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Honey locust – sweet name for invasive pest

From regular series in the Progress:

Plants of the Southeast

Honey locust – sweet name for invasive pest

 

plants-honey-locust

 

Photo / Linda Lee

No other tree in our part of the world has thorns quite this size, which makes identification of the honey locust very easy. 

 

By John Nelson,

Curator of the A.C. Moore Herbarium at the University of South Carolina

 

 

It’s the branch of a tree, but the honey locust is no good for a tree house. Take a look at the thorns which can be found up and down the trunk and also potently arming the branches. You won’t be inclined to fool around with these stickers as they really mean business, sometimes up to 5 inches long, needle-sharp and often divided at the base: the species’ scientific name means “three-spined.” 

No other tree in our part of the world has thorns quite this size, which makes identification very easy. These are “true” thorns in that they contain sap-conducting tissues which are continuous with the interior of the tree trunk. Birders will be familiar with the grisly shrike, or “butcher bird,” which uses these thorns for impaling prey.

Large individual trees may be nearly 80 feet tall and often with a rounded or flat-topped crown. The bark on an old tree will be dark grey, eventually splitting into ridges. The leaves are compound and somewhat fern-like. Its flowers (male and female on the same tree, usually) are greenish and fairly inconspicuous; they appear in late spring. Following the flowers, pale green beans will develop. These beans enlarge dramatically, eventually nearly 2 inches wide and over a foot long. The pods turn a handsome, shiny purple-brown and almost always curl as they mature. The plump hard seeds within the pod will be in a line, their linear arrangement easily seen from the outside. Much of the interior of the bean is eventually filled with a moist fragrant pulp which is edible. To me, these things are not much worth eating, but that pulp is sort of tasty, sticky and sweet. Like cocoa paste. (Is there such a thing?) Now, I’ll have tell you that the common name of this tree includes the word “honey,” not because it’s good for honey production, but because the fruits have that sweet, tasty pulp. At least, that’s my idea.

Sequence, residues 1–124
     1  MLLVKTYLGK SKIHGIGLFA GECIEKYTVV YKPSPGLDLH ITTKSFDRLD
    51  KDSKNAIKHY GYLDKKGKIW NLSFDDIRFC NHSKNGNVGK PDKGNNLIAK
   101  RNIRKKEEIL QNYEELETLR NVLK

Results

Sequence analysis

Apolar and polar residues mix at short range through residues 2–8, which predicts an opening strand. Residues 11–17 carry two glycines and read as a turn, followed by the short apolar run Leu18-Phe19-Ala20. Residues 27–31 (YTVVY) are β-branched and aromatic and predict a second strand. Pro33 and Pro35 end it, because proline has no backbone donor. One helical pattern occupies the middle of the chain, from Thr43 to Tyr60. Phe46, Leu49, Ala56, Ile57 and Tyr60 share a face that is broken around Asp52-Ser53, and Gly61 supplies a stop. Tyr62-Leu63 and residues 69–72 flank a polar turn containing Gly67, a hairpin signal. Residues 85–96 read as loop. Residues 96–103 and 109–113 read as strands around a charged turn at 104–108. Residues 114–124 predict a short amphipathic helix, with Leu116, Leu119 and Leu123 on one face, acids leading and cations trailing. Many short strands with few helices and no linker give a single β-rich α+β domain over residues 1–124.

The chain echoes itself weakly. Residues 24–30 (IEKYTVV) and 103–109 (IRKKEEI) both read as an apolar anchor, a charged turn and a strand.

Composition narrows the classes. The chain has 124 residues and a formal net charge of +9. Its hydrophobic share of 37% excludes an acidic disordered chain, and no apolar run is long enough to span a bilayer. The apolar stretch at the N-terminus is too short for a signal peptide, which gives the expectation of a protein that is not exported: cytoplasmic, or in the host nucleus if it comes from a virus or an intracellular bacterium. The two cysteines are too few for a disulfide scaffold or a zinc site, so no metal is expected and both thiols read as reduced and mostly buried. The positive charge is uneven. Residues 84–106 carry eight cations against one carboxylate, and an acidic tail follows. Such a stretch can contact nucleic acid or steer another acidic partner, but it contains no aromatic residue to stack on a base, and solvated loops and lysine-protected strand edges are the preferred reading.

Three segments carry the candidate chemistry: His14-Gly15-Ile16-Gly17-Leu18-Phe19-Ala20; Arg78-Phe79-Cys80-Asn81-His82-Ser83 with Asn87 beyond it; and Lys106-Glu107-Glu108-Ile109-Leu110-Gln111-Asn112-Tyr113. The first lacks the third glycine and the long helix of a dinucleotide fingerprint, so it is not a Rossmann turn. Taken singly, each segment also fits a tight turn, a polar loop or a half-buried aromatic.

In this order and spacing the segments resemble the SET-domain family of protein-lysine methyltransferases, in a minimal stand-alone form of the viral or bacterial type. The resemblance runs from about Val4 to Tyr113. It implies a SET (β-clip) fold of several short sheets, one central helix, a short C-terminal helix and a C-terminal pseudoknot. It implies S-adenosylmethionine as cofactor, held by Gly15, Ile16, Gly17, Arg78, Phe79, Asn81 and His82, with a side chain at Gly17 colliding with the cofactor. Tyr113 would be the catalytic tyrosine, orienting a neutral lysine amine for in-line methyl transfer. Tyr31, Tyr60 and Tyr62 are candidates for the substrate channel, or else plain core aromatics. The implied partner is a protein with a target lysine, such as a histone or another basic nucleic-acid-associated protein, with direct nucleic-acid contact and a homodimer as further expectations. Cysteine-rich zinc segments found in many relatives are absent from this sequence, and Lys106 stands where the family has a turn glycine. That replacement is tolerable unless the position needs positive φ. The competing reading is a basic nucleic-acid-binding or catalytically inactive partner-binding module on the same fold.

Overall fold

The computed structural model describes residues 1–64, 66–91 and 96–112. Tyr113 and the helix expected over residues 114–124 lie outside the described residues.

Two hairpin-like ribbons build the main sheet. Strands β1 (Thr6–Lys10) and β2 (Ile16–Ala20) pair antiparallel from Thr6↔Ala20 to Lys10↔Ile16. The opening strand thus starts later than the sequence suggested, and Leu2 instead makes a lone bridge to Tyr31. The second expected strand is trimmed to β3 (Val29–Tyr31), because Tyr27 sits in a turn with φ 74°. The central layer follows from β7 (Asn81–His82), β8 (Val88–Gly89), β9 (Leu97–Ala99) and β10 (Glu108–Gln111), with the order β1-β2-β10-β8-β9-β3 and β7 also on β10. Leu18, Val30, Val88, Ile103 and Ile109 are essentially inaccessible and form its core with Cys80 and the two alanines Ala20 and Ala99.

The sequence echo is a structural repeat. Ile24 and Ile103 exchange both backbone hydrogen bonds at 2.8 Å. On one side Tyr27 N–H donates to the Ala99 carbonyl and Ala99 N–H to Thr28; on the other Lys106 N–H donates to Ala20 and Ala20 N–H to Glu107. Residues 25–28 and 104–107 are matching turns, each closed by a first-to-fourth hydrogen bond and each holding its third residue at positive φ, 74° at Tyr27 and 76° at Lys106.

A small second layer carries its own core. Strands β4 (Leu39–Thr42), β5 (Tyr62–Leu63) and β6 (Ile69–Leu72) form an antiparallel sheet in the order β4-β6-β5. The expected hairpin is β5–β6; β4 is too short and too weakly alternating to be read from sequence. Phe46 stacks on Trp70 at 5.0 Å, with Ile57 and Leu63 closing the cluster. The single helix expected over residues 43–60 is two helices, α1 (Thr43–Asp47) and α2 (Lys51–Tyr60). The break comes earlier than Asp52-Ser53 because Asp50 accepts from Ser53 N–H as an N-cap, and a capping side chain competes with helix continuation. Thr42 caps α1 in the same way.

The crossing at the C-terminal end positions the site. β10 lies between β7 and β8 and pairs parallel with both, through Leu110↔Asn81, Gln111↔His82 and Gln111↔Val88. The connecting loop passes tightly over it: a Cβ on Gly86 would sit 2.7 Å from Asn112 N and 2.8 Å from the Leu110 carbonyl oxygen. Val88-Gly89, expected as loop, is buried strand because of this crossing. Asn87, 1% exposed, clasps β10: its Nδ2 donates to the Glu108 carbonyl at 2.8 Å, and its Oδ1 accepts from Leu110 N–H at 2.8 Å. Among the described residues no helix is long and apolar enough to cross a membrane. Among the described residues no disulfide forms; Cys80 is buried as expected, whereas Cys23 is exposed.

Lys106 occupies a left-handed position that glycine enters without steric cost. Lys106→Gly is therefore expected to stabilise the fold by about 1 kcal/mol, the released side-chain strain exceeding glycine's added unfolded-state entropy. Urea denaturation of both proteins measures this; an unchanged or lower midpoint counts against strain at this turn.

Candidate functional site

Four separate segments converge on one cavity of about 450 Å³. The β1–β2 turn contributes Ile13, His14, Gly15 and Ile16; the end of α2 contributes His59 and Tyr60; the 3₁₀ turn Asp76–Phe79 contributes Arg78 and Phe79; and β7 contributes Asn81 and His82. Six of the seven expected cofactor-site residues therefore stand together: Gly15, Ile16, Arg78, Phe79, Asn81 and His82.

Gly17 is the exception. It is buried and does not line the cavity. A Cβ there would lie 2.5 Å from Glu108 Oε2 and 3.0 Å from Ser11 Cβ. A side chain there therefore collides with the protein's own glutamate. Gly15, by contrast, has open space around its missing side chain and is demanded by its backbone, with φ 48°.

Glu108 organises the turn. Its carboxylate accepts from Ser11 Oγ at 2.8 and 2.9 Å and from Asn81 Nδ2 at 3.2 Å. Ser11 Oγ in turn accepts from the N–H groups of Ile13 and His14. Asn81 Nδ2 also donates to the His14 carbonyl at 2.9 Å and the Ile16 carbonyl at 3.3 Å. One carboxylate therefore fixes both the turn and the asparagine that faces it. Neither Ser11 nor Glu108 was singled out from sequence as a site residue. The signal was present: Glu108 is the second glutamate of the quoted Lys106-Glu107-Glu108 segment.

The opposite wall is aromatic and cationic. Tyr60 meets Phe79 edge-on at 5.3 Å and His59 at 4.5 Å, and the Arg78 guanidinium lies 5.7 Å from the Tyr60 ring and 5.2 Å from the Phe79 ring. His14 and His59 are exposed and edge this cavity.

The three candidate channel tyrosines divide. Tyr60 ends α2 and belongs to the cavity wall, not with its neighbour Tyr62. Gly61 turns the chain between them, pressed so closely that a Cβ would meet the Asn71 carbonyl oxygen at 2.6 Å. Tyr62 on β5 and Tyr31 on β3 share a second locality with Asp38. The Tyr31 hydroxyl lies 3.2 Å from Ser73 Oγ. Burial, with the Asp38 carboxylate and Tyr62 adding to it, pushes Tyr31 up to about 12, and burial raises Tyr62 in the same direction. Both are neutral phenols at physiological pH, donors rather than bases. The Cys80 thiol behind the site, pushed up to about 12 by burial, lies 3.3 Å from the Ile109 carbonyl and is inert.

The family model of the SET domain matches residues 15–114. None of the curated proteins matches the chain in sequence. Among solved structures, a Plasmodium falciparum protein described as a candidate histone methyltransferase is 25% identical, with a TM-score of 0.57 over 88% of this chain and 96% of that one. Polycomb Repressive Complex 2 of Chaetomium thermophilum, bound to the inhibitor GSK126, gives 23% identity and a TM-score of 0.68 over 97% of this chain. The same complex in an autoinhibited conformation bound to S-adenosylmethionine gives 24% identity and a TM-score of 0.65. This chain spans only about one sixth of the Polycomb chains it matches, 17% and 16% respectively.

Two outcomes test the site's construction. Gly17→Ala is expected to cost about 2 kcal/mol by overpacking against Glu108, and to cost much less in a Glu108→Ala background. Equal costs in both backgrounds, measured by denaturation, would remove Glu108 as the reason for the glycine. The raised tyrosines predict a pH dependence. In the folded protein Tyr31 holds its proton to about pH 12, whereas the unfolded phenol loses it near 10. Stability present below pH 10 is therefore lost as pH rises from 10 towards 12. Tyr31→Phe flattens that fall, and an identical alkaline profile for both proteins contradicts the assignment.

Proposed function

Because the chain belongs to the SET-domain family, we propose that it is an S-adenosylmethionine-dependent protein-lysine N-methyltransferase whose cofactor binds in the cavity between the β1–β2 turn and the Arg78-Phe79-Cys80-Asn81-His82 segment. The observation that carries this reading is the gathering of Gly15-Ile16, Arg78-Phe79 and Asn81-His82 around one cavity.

The beans fall from the branches in the winter, often forming a pile around the base of the tree. These beans are prized by wildlife including deer; cattle and hogs like to eat them too. The seeds, once they’ve gone through an animal, will readily sprout, as long as they end up in a sunny place. In the autumn, the foliage turns an attractive bright yellow.

This species is commonly seen in much of the eastern USA, through the Mississippi River valley and into Texas. In the South, the honey locust is most often encountered in the Piedmont and mountains. It is actually something of a pest sometimes and has fairly recently been designated as “invasive” in parts of South America and Australia. Here in the USA, these trees are often planted, as they form good windscreens, and are quite hardy, affected by few pests or diseases. They also make a great shade tree for city streets…but then there are those nasty thorns. Well, turns out that a thornless variety is available. Which is good if you want a tree house. 

John Nelson is the curator of the A.C. Moore Herbarium at the University of South Carolina in the Department of Biological Sciences, Columbia, S.C. 29208. As a public service, the Herbarium offers free plant identifications. For more information, visit www.herbarium.org or call 803-777-8196 or e-mail This email address is being protected from spambots. You need JavaScript enabled to view it. .

 

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